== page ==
Review: Ballistic HC case for the iPhone 4


I was excited when offered the chance to take a look at AGF’s Ballistic HC case for the iPhone 4. As the website suggests, the Ballistic HC is “Designed to Survive Life,” a great slogan considering I had dumped my phone onto a brick patio just a few nights prior to receiving the review unit. The Ballistic HC is a great case, and though it may not be for everyone, it’s perfect for people who can be rough on their phones.

The first thing you’ll notice is that the Ballistic HC is big. It’s a pretty thick case by itself, and if you want it to get even bigger there’s a bouncy silicon wrap you can put around the case for extra protection. The size is a good thing, though. It allows for all of the padding and space necessary to keep your phone safe in the even that you would drop it or accidentally smash it against something. A rubber inner layer separates your phone from the hard outer, protecting the phone from the case and adding some shock absorption. The hard outer shell also has fixed rubber bumpers for an extra layer of protection. The aforementioned rubber sleeve really takes the phone to indestructible new heights.

The front of the Ballistic HC case has a screen protector that allows your touchscreen to still function perfectly. I was really impressed, because I’ve seen a lot of cases for which the screen protector ruins the browsing experience on the phone. With the Ballistic, you almost don’t notice that the protector is there (unless you drop your phone, of course, in which case you’ll just notice that the screen is in tact).

I only had one issue with the Ballistic case, a problem AGF is both aware of and working actively to fix. As you can see in the picture below, the screen protector can get suctioned onto the screen, creating an oil-spill pattern across the screen. It’s not very noticeable when the screen is lit up, but it kinda sucks when the screen is black.


As I said, though, Ballistic is working on a fix. The company posted a YouTube video with a simple, temporary fix for the problem while they continue to work on a permanent solution. Really, though, if you need this case, you are probably more interested in the fact that it will keep your phone safe, and less interested in the way your phone will look while tucked safely away inside this beast of a case.


100 million Facebook pages leaked to torrent sites

Facebook Confidential.This isn’t quite as bad as it seems, but it does give you a sense of what’s possible with all of the data on Facebook. A hacker named Ron Bowes from Skull Security wrote a crawler to compile data from all the publicly available pages on Facebook. Publicly available – that’s important.

It’s also important, though, that such a crawler could be written to grab that kind of data. Though you could just as easily search for these people and get their info, I’m not entirely comfortable with the idea that a bot could be written to compile the same. Facebook security remains a shifting target – for most people, there’s not a lot on Facebook they don’t want people to see. As Facebook continues to grow and expand its profitable operations, there could potentially be more and more truly personal data involved. In fact, that’s how Zuckerberg would prefer things. That’s why this is important.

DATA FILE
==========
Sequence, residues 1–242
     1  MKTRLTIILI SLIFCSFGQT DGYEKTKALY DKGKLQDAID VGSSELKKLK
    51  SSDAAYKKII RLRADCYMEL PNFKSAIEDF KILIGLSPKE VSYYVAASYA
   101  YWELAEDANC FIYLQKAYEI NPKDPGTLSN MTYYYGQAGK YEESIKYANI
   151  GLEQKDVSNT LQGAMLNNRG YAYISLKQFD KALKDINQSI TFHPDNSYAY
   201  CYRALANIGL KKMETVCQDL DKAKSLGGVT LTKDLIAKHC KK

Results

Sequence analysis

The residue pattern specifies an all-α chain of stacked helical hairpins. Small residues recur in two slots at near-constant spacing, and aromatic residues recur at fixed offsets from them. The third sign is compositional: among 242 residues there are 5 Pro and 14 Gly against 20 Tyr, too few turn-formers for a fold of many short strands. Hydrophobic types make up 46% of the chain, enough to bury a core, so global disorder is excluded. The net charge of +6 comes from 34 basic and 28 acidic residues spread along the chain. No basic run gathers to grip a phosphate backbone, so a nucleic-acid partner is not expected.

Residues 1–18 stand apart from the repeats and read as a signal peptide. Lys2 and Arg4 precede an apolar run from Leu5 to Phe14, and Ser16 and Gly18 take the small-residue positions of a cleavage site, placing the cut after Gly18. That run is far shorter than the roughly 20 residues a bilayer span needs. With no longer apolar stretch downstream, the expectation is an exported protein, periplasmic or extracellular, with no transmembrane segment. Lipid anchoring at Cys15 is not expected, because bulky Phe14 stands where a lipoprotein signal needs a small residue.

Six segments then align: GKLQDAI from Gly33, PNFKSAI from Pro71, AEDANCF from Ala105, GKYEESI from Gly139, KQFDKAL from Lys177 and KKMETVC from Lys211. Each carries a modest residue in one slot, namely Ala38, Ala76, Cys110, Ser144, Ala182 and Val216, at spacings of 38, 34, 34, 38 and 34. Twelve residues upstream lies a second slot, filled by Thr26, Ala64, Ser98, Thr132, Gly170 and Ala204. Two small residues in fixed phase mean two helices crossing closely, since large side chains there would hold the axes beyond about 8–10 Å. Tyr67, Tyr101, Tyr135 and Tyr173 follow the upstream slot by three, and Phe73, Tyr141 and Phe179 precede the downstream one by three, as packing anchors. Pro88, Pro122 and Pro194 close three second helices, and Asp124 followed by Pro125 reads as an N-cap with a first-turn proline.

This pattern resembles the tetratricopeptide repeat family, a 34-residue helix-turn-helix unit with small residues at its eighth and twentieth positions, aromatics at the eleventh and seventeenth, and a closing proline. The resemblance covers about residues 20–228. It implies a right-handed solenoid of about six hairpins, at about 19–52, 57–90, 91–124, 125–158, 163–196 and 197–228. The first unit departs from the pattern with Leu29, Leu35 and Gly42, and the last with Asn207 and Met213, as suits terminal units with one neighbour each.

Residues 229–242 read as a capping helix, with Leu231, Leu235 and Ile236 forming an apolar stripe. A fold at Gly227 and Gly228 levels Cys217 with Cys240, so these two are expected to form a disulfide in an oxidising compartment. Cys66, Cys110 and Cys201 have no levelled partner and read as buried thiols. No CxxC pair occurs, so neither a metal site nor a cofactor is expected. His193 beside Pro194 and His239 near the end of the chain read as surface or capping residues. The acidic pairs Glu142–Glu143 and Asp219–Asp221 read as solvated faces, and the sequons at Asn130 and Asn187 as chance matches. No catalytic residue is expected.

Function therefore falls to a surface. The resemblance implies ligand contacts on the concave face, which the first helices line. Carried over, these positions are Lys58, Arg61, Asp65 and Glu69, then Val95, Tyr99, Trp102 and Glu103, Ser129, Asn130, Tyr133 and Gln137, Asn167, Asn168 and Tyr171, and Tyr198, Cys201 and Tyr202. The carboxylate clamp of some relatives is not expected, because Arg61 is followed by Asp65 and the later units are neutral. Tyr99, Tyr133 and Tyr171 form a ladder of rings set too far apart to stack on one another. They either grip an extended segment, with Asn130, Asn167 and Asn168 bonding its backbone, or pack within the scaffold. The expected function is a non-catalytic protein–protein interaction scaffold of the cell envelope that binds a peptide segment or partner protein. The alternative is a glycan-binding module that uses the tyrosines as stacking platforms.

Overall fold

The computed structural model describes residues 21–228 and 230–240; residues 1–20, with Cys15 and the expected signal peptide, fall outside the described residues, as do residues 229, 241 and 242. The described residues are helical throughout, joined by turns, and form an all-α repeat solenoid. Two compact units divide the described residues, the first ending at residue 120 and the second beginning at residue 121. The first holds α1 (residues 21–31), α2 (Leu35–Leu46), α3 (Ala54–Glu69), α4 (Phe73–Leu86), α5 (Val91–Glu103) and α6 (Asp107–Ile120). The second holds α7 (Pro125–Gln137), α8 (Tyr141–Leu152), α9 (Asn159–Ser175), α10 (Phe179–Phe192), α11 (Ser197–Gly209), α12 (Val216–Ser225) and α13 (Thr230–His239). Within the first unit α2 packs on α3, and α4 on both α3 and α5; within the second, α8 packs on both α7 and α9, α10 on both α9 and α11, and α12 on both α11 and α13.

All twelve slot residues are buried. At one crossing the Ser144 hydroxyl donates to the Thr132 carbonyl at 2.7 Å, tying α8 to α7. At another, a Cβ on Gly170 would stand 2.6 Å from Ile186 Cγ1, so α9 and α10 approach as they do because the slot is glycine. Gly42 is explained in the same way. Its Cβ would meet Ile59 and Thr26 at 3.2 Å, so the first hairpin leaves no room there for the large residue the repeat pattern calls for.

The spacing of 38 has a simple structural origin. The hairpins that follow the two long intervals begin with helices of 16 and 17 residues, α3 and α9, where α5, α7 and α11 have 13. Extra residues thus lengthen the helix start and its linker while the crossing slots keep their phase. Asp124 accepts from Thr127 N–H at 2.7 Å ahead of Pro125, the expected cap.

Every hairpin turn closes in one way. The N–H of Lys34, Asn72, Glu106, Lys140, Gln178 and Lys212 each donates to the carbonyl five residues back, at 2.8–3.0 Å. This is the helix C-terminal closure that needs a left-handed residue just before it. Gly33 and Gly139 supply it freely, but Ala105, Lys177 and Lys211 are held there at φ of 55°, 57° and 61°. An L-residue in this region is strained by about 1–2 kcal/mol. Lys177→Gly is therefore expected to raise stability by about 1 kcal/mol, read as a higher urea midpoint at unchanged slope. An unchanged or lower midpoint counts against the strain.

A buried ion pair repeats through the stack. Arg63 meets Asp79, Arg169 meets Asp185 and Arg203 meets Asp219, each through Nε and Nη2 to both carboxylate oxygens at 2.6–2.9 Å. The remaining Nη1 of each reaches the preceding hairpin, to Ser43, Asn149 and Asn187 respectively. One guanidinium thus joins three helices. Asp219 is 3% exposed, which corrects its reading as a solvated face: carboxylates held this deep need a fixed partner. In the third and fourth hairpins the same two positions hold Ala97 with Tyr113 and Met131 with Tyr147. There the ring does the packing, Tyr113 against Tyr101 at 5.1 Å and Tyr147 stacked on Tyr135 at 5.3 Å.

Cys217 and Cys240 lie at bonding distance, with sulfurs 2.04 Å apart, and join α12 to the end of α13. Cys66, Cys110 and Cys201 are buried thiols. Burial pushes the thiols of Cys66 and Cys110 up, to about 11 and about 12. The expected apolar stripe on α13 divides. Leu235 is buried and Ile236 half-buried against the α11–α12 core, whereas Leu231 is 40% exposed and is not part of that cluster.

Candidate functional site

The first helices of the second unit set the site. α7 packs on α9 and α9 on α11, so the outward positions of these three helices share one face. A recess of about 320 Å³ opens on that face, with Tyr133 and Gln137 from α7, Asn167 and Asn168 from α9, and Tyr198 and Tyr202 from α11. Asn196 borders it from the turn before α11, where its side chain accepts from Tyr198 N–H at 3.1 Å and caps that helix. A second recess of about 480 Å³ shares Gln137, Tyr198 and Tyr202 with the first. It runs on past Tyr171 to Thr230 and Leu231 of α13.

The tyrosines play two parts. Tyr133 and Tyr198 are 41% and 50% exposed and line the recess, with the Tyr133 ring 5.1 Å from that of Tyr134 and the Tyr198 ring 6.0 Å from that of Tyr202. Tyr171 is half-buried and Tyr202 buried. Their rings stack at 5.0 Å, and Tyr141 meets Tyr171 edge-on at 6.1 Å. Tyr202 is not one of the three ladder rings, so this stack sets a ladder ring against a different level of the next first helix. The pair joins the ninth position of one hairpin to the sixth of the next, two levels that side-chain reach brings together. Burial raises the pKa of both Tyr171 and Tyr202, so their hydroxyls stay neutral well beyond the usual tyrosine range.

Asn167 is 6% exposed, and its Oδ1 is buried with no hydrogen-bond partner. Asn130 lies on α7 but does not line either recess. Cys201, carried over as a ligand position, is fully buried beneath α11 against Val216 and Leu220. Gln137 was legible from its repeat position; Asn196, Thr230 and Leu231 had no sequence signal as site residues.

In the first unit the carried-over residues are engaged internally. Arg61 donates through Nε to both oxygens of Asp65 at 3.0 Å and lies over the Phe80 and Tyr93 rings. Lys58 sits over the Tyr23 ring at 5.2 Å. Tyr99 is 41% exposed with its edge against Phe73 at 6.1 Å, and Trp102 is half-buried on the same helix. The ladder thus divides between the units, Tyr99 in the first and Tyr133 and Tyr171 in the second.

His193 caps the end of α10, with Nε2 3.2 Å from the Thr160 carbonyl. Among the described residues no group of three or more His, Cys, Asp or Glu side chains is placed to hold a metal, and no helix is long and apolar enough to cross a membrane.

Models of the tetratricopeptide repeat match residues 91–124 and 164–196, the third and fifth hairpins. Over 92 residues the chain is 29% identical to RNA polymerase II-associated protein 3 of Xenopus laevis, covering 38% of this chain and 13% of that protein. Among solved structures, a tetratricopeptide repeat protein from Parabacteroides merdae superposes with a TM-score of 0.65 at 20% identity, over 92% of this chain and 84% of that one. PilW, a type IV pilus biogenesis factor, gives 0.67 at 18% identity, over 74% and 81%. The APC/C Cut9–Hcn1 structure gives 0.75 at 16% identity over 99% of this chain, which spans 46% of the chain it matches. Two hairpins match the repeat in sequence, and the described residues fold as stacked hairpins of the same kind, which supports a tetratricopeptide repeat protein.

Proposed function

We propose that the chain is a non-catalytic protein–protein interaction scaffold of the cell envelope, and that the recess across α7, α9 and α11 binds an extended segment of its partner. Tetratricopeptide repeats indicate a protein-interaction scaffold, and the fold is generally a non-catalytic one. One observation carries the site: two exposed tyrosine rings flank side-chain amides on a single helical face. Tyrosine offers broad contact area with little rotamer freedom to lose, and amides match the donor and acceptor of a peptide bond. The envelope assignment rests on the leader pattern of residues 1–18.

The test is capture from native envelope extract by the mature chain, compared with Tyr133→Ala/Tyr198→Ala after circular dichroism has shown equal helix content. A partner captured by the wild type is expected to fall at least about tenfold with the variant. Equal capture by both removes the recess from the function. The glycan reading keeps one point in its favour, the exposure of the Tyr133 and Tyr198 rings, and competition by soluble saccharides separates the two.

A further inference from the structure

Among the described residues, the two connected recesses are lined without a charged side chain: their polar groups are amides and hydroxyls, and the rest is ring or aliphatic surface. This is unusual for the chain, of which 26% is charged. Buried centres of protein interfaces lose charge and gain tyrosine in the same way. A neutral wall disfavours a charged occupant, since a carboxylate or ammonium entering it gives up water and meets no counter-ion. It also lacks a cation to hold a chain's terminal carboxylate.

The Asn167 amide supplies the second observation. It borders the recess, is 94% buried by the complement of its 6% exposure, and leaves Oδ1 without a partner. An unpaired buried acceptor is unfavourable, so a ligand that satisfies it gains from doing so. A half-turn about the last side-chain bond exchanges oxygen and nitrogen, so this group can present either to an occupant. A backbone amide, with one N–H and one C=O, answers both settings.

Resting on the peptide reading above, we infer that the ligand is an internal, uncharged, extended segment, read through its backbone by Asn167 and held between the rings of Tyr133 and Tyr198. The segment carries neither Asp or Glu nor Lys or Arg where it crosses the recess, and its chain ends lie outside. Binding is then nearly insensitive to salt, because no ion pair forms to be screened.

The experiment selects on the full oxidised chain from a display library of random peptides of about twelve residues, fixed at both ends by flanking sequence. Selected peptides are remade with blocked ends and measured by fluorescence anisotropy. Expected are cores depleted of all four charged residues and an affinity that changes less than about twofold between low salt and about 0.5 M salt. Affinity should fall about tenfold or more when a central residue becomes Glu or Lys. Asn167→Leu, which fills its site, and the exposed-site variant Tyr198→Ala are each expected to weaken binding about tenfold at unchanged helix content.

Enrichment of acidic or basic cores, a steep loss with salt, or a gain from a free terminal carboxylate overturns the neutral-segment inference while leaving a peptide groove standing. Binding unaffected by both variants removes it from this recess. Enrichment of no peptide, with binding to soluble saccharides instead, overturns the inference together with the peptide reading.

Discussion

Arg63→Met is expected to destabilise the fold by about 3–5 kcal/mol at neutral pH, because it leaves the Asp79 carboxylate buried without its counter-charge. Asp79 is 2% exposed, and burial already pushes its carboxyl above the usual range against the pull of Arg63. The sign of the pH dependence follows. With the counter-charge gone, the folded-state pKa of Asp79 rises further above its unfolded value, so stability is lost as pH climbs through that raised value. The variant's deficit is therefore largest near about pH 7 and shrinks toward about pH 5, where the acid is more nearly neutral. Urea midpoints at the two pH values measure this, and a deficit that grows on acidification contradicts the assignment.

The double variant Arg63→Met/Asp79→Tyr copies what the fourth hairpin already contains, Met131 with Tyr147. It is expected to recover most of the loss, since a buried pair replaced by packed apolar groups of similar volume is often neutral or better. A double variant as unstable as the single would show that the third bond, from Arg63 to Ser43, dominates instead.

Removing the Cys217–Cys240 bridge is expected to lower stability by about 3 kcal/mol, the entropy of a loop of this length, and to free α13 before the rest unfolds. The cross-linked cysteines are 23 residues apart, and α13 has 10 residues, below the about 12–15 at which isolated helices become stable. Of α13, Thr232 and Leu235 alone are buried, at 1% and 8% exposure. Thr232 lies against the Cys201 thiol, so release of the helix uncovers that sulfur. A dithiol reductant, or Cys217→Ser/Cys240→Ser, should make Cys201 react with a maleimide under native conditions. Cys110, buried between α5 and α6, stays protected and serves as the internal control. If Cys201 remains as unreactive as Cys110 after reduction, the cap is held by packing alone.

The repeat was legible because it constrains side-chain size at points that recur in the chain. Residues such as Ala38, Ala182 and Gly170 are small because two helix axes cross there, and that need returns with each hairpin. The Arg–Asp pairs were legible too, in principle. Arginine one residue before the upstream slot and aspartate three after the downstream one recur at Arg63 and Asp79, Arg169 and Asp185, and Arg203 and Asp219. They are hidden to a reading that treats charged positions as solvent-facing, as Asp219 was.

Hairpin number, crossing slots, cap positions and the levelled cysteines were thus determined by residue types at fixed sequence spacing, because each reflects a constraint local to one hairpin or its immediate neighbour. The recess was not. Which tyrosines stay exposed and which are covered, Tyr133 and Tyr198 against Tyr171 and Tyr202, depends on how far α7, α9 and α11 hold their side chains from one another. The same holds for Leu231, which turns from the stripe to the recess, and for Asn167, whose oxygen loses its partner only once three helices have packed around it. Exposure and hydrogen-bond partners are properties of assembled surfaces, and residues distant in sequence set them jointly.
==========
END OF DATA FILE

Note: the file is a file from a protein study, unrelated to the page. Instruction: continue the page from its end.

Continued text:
I’ve been thinking about kicking Facebook for a while, and every time I get a story like this, even as unalarming and completely benign as this story is, it points to the ongoing lack of attention and concern it seems Facebook gives to user data.


Apple free cases start shipping

I’m on the road today, headed up to NYC to visit some friends, but I thought this was worth sharing. I got an email this morning confirming that my free Apple bumper case has shipped, despite the estimated 3-5 week ship time Apple initially doled out.

Even though I’m not among those cursed with a failing phone, it’s nice to see some quick turnaround on Apple’s part. Hopefully people can start to see a working phone some time early next week.


Why does the world want me to go to yard sales

Ansel AdamsI swear a story like this comes out every eight to twelve months just to trick unsuspecting (though I’m starting to suspect a few things) people like myself into spending money on garbage in the hopes that it will be worth millions of dollars someday.

Today’s tale: a man saw a box of glass negatives at a yard sale ten years ago and, though he wanted it, was unwilling to pay the $70. He haggled down to $45. It turns out those negatives were some of Ansel Adams’ early work, and the collection (what was once a box is now known as a collection) is worth around $200 million dollars.

So, how many people will be running out to yard sales this weekend?


Apple launches a trackpad for desktops

Magic TrackpadAmong Apple’s various hardware updates today, the company launched a trackpad for desktops, officially dubbed the Magic Trackpad. I’m not real sure where the magic is.

Now granted, I tend to prefer the trackpad to the mouse for general browsing, but this is something that seems aimed at power users, not the casual internet browser. Desktops come with a mouse, so people are comfortable using the mouse. Will they really want to drop $69 for a couple gestures, most of which are mimicked by the controls on your everyday mouse today?

My guess is no, but I’m not naive enough about Apple products to think this thing won’t sell. It would definitely be much cooler if it worked like a tablet (yes, there is some third-party software that can help a bit), but as a simple trackpad, I’m just not that impressed.